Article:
On November 7, the United States Government Accountability Office (“GAO”) released a report assessing actions the U.S. Department of Commerce (“Commerce”) and U.S. Customs and Border Protection (“CBP”) have taken to address weaknesses in the process for collecting antidumping (“AD”) and countervailing (“CV”) duties.

The report noted the following facts:

  • For bills issued in fiscal years 2001 – 2018, CBP collected over $20 billion in uncollected AD/CV duties.
  • For bills issued over the same period, $4.5 billion in AD/CV duties remained uncollected as of May 2019.
  • Only 20 importers accounted for $1.93 billion (or 43.3 percent) of the $4.5 billion in AD/CV duties with the remaining $2.52 billion (or 56.7 percent) in uncollected duties accounted for by 1,118 importers.

The report also notes that one cause for concern at Commerce is the significantly increased workload, with a lack of corresponding increase in staff.  The report explains that from fiscal years 2012 to 2018, the total number of AD/CV duty orders enforced by Commerce has increased from 280 to 457, with the number of case analysts increasing only from 118 to 127.  Commerce has sought to address the increased workloads by implementing a variety of internal procedures and establishing a training unit.

CBP has also undertaken variety of measures to address uncollected duties.  Perhaps most interesting is CBP’s use of new statistical models to identify key risk factors associated with nonpayment.  As noted above, with only 20 importers accounting for more than 43 percent of the value of billed but uncollected duties, identifying high risk importers would appear to be a prudent step.

The report also identified the United States’ retrospective system of duty assessment as one factor contributing to complexities in duty collection faced by both agencies.  The retrospective system is widely viewed as a net positive, however, which leads to more accurate duty assessment over time.  The report concludes that while the two agencies have undertaken measures to address weaknesses in the process for collecting duties, more can be done.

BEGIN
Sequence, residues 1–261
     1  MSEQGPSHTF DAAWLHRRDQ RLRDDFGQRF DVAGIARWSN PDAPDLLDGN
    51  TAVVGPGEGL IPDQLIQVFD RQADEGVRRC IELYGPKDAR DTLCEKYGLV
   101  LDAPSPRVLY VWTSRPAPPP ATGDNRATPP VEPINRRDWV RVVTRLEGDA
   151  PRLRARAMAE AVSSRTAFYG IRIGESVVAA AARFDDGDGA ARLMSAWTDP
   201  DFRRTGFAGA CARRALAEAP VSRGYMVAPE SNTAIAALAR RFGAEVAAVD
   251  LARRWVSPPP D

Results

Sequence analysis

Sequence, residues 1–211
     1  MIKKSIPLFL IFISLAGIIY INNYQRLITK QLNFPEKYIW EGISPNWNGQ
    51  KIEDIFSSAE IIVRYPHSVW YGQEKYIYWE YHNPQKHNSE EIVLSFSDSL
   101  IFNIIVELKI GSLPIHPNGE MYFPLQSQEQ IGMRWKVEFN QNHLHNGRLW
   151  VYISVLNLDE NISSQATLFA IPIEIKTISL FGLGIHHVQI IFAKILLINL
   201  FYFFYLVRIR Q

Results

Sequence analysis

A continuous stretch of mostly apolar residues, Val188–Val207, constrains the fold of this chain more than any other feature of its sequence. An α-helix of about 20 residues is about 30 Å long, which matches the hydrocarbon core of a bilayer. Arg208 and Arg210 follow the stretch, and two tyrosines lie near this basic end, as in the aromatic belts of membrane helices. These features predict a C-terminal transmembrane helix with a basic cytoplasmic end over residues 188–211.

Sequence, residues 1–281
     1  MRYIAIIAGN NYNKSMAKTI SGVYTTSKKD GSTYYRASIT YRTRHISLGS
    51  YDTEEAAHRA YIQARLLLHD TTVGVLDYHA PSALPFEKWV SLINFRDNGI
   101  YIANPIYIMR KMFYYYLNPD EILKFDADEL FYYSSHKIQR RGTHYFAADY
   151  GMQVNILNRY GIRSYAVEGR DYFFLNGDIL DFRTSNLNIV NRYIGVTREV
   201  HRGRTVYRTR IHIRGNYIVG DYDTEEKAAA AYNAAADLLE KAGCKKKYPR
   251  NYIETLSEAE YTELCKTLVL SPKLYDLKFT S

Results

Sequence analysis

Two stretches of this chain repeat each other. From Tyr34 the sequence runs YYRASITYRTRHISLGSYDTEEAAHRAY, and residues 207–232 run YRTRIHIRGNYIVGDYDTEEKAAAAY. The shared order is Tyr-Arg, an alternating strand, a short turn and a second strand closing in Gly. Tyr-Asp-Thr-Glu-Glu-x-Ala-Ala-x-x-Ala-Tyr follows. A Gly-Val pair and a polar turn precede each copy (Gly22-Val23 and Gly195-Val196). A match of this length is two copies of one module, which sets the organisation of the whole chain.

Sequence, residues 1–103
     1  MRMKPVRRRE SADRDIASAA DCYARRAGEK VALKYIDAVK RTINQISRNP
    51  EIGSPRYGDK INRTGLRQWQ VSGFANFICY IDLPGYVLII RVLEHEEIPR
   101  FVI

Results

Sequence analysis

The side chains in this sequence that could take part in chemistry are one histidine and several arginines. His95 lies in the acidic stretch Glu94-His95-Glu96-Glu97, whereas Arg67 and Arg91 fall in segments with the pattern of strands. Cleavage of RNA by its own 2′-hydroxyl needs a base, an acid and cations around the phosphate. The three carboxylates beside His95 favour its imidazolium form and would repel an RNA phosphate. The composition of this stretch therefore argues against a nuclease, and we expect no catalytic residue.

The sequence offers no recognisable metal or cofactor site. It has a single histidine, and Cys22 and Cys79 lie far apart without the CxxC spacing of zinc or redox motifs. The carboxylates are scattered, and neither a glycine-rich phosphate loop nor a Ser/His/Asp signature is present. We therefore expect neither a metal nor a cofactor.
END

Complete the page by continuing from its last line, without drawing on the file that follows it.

Continue Reading GAO Report Reveals Deficiencies in Process for Collecting Antidumping and Countervailing Duties

The AP recently reported that North Koreans are working in China as forced labor and their products are being imported into the U.S.  The AP followed the production of seafood from Chinese facilities to U.S. retailers, but stated that there other affected product categories, including apparel and wood flooring.

While it has been known that North Korea sends workers abroad, this report is the first time the supply chain has been documented to show North Korean forced labor products entering the U.S., which is a federal crime.  It has been reported that North Korea sends tens of thousands abroad, bringing in revenue estimated at $200-$500 million per year as Kim Jong Un keeps a large percentage of the salaries.  According to the AP, the North Korean workers in China remain under constant surveillance and live in forced labor conditions.
Continue Reading Importers Beware: U.S. Customs Targets Imports Made in China by North Korean Workers

Last year, President Obama signed into law the Trade Facilitation and Trade Enforcement Act of 2015 (“TFTEA”).  Section 421 of the TFTEA (commonly called the Enforce and Protect Act, or EAPA), establishes procedures for submitting and investigating allegations of evasion of antidumping and countervailing duties.

The statute encouraged a wide variety of stakeholders to participate in this new administrative process.  For example, the statute defined “interested parties” who may file an allegation of evasion to include foreign exporters and producers, importers, and domestic manufacturers and wholesalers, of products covered by antidumping and countervailing duty orders.  Indeed, interested parties on all sides of the trade equation who play by the rules have an incentive to participate in the CBP’s evasion investigations. 
Continue Reading Combating Evasion of Duties Front and Center